Voices of Change: Women Leading Business Innovation in the MENA Region
Mita Srinivasan
10X People

Voices of Change: Women Leading Business Innovation in the MENA Region

This special feature on International Women’s Day presents a compelling story of resilience, innovation, and the quest for equality by women searching for funding in the MENA region. We spoke to four women across the entrepreneurial ecosystem to talk funding for women-led businesses.

As dawn breaks over the MENA region, a new era of women entrepreneurs and leaders are rising, challenging the norms and transforming the business landscape. In a world where their contributions have often been undervalued, these women are now leading the charge, showing resilience and innovation against the odds. We spoke to four women across the entrepreneurial ecosystem to talk funding for women-led businesses.

The Struggle for Equality

Veena Munganahalli, past Co-chair for TiE Women MENA, reflects on the current funding climate, "In 2023, despite the growing number of startups, women-founded businesses only secured a fraction of the total investment. This stark contrast highlights a significant challenge we still face in achieving gender equality in business."

Noor Haider, Senior Research Associate at MAGNiTT, added historical context, "The pandemic initially seemed like a turning point for female founders, but economic challenges have since impacted funding levels, especially for women-led businesses."

According to Haider, during the pandemic boom, MAGNiTT saw startups with at least one female founder secure more funding than in previous years. Since 2019, close to $600M has been invested across ~300 deals in startups with at least one female founder. 2021 was a record year for women-led businesses in the MENA region. She added, “However, in an economically challenging environment, we are seeing an impact on the overall funding levels in the region. Consequently, funding and deals for startups with at least one female founder have declined since last year.”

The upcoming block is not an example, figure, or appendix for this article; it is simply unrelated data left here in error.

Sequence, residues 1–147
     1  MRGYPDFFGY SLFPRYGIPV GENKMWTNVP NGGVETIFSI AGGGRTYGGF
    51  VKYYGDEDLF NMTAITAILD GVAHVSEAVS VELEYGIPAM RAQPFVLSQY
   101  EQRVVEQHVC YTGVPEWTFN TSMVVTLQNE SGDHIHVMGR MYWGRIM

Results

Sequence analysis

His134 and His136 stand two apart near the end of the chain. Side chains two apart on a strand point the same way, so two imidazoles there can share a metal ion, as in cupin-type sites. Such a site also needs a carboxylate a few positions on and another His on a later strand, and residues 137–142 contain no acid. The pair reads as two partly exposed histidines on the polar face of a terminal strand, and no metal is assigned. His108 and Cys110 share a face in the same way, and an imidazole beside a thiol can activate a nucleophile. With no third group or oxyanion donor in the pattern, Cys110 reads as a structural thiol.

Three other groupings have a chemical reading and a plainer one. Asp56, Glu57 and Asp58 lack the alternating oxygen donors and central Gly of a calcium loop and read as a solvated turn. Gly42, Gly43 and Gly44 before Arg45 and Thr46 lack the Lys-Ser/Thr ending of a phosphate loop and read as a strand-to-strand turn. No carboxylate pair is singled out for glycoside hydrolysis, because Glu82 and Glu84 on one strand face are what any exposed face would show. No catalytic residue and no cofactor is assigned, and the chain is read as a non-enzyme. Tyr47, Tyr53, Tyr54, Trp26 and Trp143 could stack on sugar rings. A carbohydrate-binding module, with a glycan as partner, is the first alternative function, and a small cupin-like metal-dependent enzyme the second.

Erika Blazeviciute Doyle, founder of Drink Dry, shares her journey. In the first two years of starting Drink Dry, the company had multiple conversations with various VCs who have shown interest in investing in Drink Dry. However Doyle strongly felt that VC funding was not the right route for them in the early days.

Genia Xasis, CEO & Co-founder at Berkana VC, points out the broader implications. "There is a persistent gap and a need for action and investment in women-led businesses. Here in the MENA region we see that there is a huge potential for growth in terms of diversity.”

Catalysing Change

Despite these challenges, these women are not merely bystanders. They are actively working to shift the landscape. According to Xasis, an immediate and effective approach is for women to support each other. “This means we can make a difference right now. Every day presents an opportunity for us to uplift one another and strengthen our collective position. This belief is the guiding principle of how I choose to live.” Berkana VC is establishing a community dedicated to women investors and tech entrepreneurs.

TiE Women is supporting female entrepreneurs through mentoring and workshops, focusing on honing their pitches and connecting them with potential investors. Munganahalli added, “Members and get proper feedback, which was extremely valuable for them. We also try to bring in female founders and the ecosystem together to create open conversations where they share their journey, challenges and the ecosystem can understand better on what they really need.”

The Future of Female Entrepreneurship

These women leaders emphasize the importance of continued efforts in supporting female entrepreneurship. Haider pointed out, “While there is still a gender gap to bridge in the ecosystem, the emergence of prominent female ecosystem leaders across startups and venture capital can lead to an increase in investment for women-led businesses.”

Xasis agreed. "We need more women in decision-making roles, both as investors and entrepreneurs. This is not just about funding; it's about reshaping the future of business with a female perspective."